The title of this short poem is  Four Horns in the Afternoon with a Faun, and it concerns the ballet L’aprés midi d’un faune which Nijinsky made so famous through his dance, to music by Debussy, all inspired by the poem by Mallarmé. The piece just so happens to be one of my favourites, and here Shadab, in but a verse, encapsulates the bold content, getting to its essence. What one expects from a poem, and a poet, and yet so rarely sees.  In this, she is a visionary, and by this I do not mean in any esoteric sense, so let me be clear. I mean in the sense that her vision is unclouded by all artifice. Shadab says what she sees, as she did in Baker of Tarifa, so wondrously recreating life in Moorish Spain. Here, by merely recording with astute circumspection what she sees, demarcating the subject, whatsoever it might be, with the exact word. The gerund girdling, for example, corresponding to the faun’s dream. The lecherous satyr, rather. His innate narcissism and all-consuming needs, heedless to those of any other. From generation to generation, the mythic beast arises again and again, in the guise of the everyman. And this she plucks from the papered dream, the doom poppy in the hemlock. Girdling is le mot juste as it effeminises the satyr, being a moral judgement; chasteness being designated far more masculine a feature than proliferation. Such is Hashmi’s double- bladed sword; a keen ear for the right word, and the moral compass allied with it.

Shadab’s Qasida’s in Wicked Cakes and Tea are short ten- line meditations, on subjects as diverse as Plato, divans and black coats! And, they are delightful, every cup full. Here she is on Plato. I give the poem in its entirety, so that the reader may appreciate themselves a taste of the beauty which in store for them.

Qasida of the Bridge of Teacups

The soul cleaves into two somewhere along the birth canal,
didn’t you say, Plato? I send your echo back to Athens
from my rug of locked antlers in Peshawar
where I fill a teacup with the question of half my soul
(as I watercolor a whitewashed village I’ve yet to see). In
the torpor of the mango season, I am closer to the heady basil
that fishermen of the Black Sea put in their boats for luck, to Chinese
lemongrass—Will I know my soul by the musk of tannin ink, sugarcane
pulp, sweat of a calligrapher’s palm? The antlers are fading. From teacups
of clay, bison-bone, crystal, bamboo, I build a bridge to the other half.

The poet uses each poem as an opportunity to let speak each artefact, or phenomenon. And it is her skill, and desire, which allows us, the readers, to enter into each world, momentarily, becoming, or at least given privileged access to it. Such multiplicity is unusual in itself, and a welcome boon to the reader who feels each time refreshingly renewed with each passing item. But, what is wholly rejuvenating is the singularity of the voice behind each visitation itself. While in such plurality it remains strictly singular, so fidelity is shown; one could even say it is the single most register which animates this astonishingly proliferate poetic venture. Behind the multiplicity of worlds on offer, the overall singularity of the poet’s voice endures, and this has profoundly meaningful resonance. As it is involves “Be-ING”. And here we have the visionary, again.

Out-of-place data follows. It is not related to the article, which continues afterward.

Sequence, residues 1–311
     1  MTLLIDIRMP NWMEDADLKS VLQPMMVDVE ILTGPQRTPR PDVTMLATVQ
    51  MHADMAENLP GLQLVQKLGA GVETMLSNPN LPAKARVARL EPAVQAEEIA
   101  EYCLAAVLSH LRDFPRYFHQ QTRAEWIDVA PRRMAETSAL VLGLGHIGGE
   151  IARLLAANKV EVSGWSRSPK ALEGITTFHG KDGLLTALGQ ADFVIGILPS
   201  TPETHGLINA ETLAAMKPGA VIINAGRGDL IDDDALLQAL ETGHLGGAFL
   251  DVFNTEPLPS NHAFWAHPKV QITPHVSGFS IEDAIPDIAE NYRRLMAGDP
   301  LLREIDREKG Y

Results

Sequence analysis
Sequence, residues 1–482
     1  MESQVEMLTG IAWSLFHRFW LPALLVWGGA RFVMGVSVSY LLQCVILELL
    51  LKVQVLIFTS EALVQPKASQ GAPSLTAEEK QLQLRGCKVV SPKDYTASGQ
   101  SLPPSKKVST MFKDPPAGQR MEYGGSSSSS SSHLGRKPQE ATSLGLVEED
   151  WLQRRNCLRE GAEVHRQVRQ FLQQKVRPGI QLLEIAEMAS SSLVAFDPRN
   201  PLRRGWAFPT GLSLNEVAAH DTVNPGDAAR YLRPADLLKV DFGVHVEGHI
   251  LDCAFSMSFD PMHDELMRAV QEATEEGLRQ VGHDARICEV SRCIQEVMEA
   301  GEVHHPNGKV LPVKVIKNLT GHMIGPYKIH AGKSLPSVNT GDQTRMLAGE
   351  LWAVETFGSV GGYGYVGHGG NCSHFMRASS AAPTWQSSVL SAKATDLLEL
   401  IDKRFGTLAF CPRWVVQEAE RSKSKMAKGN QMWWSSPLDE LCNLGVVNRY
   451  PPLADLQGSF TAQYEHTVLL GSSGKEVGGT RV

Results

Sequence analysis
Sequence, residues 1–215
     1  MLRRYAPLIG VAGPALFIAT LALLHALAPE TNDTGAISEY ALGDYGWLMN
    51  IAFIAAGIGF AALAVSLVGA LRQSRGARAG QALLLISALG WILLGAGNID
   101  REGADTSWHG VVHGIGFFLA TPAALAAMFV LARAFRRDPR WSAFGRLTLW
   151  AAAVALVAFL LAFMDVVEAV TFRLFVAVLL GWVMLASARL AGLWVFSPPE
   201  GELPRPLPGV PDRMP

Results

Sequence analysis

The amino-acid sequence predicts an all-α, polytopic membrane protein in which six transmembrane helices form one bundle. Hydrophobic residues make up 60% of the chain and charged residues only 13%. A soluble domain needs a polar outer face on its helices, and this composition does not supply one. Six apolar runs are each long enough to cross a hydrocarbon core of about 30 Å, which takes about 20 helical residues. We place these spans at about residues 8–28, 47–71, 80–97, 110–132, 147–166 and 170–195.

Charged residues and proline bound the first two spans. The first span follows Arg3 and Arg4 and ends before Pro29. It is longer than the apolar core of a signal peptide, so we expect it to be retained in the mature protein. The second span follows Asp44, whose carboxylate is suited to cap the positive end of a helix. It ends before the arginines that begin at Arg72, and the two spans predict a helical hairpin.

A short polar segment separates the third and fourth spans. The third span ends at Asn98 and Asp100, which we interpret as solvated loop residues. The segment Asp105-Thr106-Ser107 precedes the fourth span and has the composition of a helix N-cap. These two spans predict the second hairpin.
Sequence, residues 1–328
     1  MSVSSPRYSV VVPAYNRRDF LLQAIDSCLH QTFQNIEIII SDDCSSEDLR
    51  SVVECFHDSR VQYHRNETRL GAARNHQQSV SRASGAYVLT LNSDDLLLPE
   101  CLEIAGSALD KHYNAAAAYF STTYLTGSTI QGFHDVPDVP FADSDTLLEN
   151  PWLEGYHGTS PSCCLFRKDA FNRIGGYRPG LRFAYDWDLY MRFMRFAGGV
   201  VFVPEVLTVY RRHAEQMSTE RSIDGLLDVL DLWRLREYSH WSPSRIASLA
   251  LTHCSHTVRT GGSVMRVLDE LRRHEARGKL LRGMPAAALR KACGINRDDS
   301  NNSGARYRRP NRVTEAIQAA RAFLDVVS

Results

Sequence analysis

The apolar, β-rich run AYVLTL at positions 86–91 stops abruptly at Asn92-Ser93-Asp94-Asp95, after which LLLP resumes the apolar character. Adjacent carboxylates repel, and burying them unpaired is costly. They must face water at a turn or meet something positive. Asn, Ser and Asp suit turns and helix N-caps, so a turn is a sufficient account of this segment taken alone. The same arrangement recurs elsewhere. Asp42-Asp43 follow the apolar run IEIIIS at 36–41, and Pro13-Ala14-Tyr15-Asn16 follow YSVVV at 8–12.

For an Irish reader, also a tea and literary obsessed nation, there is much to ponder upon here. Having tea with Marcel Proust, sans Madeline!  I particularly enjoyed the Gun Powder Tea section; the book is divided up into a series of parts, each one denoted by tea varietals, rendering each section as diversely flavoured as the individual tea plants themselves, a delightful conceit.

The ship is now a salty ghost
as is the captain and the subaltern
They rise uncontrollably to the swell
under the empire’s ivory plectrum
Fistful of opium newsprint
Scalloped sugar spoon and syrup doused bayonet
The moment of docking has fortune’s flickers
Keeps arriving
Boxes of rolled tea leaves
still mistaken for ammunition

For in this section I also came upon the Mad Hatter, from Lewis Carroll. Shadab’s love of literature, irrespective of culture, for India, Pakistan, Persia and the Middle-East all vie with Europe, as well as the United States. Shadab Zeest Hashmi is truly a universal poet, with a keen eye observing each individual tea-filled world. This poem is taken from the Devils and Dervishes at the Tea Party section.

Tea Fetish

Fetish (from the Portuguese feitiço)
is “a human-made object that has power
over others.” Fold the faces of the dead
in newsprint: It’s half past three, everything
stops for tea. A homesick princess had a
sinking feeling once—it stopped all the
clocks from Bath to Bengal. Look how a woman
belongs to power, her fetish hangs everywhere:
wedding patios, walled asylums, office
deals, marbled parlors, memory-dribbling deathbeds.

The next time Shadab comes to Ireland, I must get her to have a pint with me. I’d love to read the results of how such an experience might leave a trace upon her world. For she is a poet of the ordinary world, taking the mixed ingredients of her poems, be they the many different breads of medieval Spain, or the teas of the world. Yet with them, as all true poets do, she renders them extra-ordinary again. So that we, the readers, are sent back, by her books, to the world anew, as if we have been given fresher eyes in which to eat, drink and in a word… to delight in life once again. I can give no higher praise than this. I raise my cup!

Peter O’Neill is the author of several books, most recently More Micks Than Dicks, a hybrid Beckettian novella in 3 genres currently out of print, and The Dublin Trilogy: Poems & Transversions 1992-2017, a singular engagement with a 19th century French Master; launched in Paris in November last year to commemorate the 150th anniversary of Baudelaire’s death. He recently presented je la dis comme elle vient– The Appearance of the Homeric Muse in Beckett’s Comment c’est/How It Is at the How It Is Symposium organised by Gare Saint Lazare Players Ireland at the Centre Culturel Irlandais in Paris. He teaches EFL and resides in Dublin. His writing (be it poetry, translation, critical reviews or academic presentation) has been published widely, being translated into French, Italian and German. O’Neill has also edited two anthologies of poetry; And Agamemnon Dead ( mgv2>publishing, 2015) and The Gladstone Readings ( Famous Seamus, 2017). He set up Donkey Shots, an avant -garde literary festival, in his hometown of Skerries, North County Dublin, and currently hosts The Gladstone Readings.

© Peter O’Neill